The aspect that bummed me out most, as a long-time Final Fantasy fan (yes, even of Final Fantasy XIII, which has an incredibly underrated battle system okay), is that Final Fantasy XV's story is nonsensical. While the core group of road tripping buddies are all sweet natured and endearing, the story propelling the game forward is, well, boring and sometimes even feels nonexistent. Final Fantasy games of the past have been great because of their stories and characters. Final Fantasy XV only offers the latter, and a lone gal heroine that isn't even part of your party, doomed to be fridged.

The combat, too, isn't great. During its best moments, it's fluid as Noctis zips across a battlefield, slicing monsters and soldiers with his sword. At its worst moments, which is most of the time, battles feel inconsequential. If you fall in battle, another companion is likely to tap you back into the fight. Failure and consequence aren't really options, because no matter what, your boys have your back. The combat itself ends up feeling like a bother, to the point where I found myself avoiding battles altogether so that I wouldn't have to deal with it.

I could go on and on about why Final Fantasy XV failed to click with me; but the fact is that its worst offense is that it frankly doesn't feel like a Final Fantasy game. It feels like a dart board of ideas for a Final Fantasy game's potential innovations, all crammed into one casserole. And it's a bad casserole, not a good one.

Mike Williams Reviews Editor

My primary problem with Final Fantasy XV largely comes down to the feeling of the overall game. The combat system is somewhat similar to Kingdom Hearts in basic composition, but it's slow. Why would I want to play slow Kingdom Hearts? It's a very weird and unique combat system, but I think one of its strengths is the relative speed at which battles happen. Final Fantasy XV tries to aim for something slower and more tactical, but it never quite crosses over into strategic combat.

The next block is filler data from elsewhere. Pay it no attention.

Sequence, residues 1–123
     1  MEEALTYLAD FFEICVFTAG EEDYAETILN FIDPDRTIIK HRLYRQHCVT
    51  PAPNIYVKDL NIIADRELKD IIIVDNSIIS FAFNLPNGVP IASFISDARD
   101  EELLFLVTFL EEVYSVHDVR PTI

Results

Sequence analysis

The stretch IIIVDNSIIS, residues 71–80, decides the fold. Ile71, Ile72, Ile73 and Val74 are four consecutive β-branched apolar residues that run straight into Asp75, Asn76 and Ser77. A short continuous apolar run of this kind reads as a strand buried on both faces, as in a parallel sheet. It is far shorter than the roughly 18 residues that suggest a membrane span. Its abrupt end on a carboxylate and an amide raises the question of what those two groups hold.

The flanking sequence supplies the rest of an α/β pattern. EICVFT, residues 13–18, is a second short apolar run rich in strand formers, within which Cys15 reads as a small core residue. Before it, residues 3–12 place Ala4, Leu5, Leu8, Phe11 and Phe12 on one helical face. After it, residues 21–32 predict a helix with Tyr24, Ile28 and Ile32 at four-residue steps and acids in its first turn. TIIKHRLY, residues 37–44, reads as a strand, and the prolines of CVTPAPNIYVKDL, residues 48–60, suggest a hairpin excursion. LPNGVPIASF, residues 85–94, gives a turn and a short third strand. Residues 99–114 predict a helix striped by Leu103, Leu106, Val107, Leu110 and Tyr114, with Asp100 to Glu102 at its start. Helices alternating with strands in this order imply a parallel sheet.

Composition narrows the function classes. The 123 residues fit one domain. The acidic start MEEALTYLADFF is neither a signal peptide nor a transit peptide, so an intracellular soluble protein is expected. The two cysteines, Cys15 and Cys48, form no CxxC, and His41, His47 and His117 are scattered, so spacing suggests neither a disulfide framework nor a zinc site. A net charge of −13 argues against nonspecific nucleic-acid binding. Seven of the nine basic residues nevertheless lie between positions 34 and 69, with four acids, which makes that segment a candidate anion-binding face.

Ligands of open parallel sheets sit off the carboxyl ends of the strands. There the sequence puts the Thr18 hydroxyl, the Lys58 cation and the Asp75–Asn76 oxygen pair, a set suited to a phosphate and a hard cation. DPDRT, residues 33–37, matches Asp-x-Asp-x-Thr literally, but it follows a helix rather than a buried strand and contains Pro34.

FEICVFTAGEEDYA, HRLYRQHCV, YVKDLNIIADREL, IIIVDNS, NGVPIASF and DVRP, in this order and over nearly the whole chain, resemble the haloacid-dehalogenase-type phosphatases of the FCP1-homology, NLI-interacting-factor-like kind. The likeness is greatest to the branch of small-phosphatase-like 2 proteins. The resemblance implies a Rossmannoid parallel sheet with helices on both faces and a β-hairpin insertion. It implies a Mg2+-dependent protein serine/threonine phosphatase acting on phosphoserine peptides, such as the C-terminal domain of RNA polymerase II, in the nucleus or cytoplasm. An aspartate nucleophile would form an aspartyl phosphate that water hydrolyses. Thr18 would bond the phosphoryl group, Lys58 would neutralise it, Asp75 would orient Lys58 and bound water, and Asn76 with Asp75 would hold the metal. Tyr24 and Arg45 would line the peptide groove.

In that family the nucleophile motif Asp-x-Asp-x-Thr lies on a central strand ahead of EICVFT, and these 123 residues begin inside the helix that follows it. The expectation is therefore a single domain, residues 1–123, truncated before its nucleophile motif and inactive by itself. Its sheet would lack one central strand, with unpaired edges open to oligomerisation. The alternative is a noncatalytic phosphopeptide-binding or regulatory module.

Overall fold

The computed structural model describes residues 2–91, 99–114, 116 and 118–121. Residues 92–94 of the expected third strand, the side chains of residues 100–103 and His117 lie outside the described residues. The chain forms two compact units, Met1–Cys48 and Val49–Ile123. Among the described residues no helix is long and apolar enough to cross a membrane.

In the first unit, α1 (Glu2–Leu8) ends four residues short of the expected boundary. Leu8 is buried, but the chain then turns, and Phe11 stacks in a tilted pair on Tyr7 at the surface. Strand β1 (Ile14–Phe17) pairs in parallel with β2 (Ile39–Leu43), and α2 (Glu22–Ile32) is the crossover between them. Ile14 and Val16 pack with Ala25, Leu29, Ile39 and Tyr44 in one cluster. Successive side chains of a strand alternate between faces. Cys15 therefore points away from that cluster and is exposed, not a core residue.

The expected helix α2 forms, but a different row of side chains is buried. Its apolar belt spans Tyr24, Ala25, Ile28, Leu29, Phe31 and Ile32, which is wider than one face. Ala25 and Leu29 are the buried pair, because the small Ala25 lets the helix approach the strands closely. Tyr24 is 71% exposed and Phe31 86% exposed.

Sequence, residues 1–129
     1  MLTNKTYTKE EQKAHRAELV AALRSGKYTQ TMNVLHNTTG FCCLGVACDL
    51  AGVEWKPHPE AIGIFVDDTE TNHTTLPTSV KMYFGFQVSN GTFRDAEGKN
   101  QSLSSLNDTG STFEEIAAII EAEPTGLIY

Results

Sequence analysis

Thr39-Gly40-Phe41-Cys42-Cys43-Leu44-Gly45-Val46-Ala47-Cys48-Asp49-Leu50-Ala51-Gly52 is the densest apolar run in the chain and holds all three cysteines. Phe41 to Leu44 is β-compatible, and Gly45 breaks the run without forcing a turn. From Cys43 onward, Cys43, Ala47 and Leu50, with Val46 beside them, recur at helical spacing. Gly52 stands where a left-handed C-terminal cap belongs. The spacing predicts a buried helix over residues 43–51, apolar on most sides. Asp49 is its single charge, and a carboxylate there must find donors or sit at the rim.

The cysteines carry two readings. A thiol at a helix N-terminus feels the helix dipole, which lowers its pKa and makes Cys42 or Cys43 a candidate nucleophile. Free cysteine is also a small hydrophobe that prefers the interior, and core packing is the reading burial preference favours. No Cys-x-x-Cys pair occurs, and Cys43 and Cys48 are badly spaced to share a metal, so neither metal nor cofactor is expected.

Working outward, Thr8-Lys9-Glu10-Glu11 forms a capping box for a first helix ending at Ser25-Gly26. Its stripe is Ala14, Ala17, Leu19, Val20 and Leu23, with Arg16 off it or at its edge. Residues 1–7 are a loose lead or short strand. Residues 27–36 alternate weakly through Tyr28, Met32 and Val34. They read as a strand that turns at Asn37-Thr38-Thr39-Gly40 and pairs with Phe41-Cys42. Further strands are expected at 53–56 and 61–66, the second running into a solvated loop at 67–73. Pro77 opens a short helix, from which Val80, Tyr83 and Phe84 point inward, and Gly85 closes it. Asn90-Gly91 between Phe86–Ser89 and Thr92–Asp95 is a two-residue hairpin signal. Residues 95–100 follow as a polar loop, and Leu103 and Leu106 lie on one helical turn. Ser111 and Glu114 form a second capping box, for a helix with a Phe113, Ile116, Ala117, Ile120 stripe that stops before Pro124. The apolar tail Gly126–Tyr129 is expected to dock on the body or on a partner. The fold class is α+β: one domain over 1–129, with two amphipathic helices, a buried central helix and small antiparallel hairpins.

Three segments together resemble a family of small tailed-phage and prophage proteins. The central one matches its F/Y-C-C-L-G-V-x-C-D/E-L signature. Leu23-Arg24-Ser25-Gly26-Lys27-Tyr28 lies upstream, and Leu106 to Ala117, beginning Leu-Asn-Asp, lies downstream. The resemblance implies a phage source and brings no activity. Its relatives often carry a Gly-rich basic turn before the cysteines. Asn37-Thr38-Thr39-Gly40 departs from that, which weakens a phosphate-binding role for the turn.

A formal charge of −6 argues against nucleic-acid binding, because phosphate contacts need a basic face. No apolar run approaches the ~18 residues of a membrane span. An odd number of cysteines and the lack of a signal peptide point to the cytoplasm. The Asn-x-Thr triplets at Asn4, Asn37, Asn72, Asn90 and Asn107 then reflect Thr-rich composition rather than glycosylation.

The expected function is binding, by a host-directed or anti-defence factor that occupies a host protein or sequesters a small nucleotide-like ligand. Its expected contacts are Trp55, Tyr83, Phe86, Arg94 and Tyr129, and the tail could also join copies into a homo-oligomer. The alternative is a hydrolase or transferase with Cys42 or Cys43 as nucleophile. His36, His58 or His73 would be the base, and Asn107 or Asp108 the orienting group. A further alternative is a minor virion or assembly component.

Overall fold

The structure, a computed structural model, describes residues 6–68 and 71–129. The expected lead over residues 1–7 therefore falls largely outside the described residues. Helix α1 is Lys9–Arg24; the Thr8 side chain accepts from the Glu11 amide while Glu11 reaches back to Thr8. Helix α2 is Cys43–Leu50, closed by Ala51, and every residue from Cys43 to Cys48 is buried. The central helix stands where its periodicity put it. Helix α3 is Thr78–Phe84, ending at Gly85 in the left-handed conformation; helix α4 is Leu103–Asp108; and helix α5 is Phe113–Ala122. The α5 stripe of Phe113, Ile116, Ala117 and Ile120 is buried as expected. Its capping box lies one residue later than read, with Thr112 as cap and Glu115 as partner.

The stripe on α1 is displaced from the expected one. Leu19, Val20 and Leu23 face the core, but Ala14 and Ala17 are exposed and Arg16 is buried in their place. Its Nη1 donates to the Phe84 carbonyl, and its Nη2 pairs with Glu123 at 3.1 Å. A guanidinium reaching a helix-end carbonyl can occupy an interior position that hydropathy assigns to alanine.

It's a damned good-looking game and the world itself is intriguing in composition (I love the modern fantasy mix), but I had problems with the open-world at launch. The Regalia was stuck driving on roads instead of being able to go where you pleased. Despite having seaside and ocean-bound towns, there was no way to explore those depths. The cities that were there looked great, but feel incomplete compared to other open-world titles. Much of this has been fixed in later iterations of the game, so I know that Square Enix noticed it was a problem as well.

While the theme of brotherhood and the relationship between Noctis and his crew worked, I found myself missing the larger casts of previous Final Fantasy titles. When you're given a slate of 6-7 well fleshed out characters, it becomes enjoyable to settle on the three or four characters you enjoy as your crew. I think that experience is part of why I enjoy JRPGs, so the loss of it in Final Fantasy XV is felt. And I won't go into how messy the story is outside of Noctis' close knit circle. Again, Square Enix has acknowledged this in subsequent additions and patches.

I honestly think Final Fantasy XV is one of those games that relies on the name for some measure of trust and understanding. Every single entry before mine directly says the game is a mess, but messes generally don't get the kind of pass given to Final Fantasy XV. After a decade in development and a salvaged project, we don't want Final Fantasy XV to not be good. We're unable to test this, but if you take away the "Final Fantasy" name, are people as kind to this game? I don't think so.

If anything, I applaud Square Enix for its commitment to the game. The publisher and the team working on the game continue to improve upon the base they established at launch. The game that is out there now is not the game they originally released. The ability and drive to knuckle down, ask "Where did we falter?", and fix things is great. Maybe if I played Final Fantasy XV today, I'd feel differently about the game. As it stands, that launch state was not great.

The Neutral

Matt Kim News Editor

Footage not found. (He hasn't played it.)

Tagged with Feature, Square Enix.